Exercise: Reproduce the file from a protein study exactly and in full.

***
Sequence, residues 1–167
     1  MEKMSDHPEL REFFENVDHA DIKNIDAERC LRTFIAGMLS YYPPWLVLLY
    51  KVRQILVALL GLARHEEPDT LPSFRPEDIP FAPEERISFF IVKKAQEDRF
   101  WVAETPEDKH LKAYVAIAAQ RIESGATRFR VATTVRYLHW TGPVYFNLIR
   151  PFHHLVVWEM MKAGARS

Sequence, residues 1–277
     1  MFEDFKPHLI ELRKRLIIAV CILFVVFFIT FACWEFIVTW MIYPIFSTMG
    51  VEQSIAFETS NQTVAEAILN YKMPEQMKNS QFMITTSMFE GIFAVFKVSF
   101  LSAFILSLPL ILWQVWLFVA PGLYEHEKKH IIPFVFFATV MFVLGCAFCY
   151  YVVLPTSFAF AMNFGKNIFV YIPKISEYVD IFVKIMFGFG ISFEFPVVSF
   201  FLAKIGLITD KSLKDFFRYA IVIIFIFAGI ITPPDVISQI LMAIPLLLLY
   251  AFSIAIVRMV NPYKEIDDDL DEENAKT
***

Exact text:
Sequence, residues 1–167
     1  MEKMSDHPEL REFFENVDHA DIKNIDAERC LRTFIAGMLS YYPPWLVLLY
    51  KVRQILVALL GLARHEEPDT LPSFRPEDIP FAPEERISFF IVKKAQEDRF
   101  WVAETPEDKH LKAYVAIAAQ RIESGATRFR VATTVRYLHW TGPVYFNLIR
   151  PFHHLVVWEM MKAGARS

Sequence, residues 1–277
     1  MFEDFKPHLI ELRKRLIIAV CILFVVFFIT FACWEFIVTW MIYPIFSTMG
    51  VEQSIAFETS NQTVAEAILN YKMPEQMKNS QFMITTSMFE GIFAVFKVSF
   101  LSAFILSLPL ILWQVWLFVA PGLYEHEKKH IIPFVFFATV MFVLGCAFCY
   151  YVVLPTSFAF AMNFGKNIFV YIPKISEYVD IFVKIMFGFG ISFEFPVVSF
   201  FLAKIGLITD KSLKDFFRYA IVIIFIFAGI ITPPDVISQI LMAIPLLLLY
   251  AFSIAIVRMV NPYKEIDDDL DEENAKT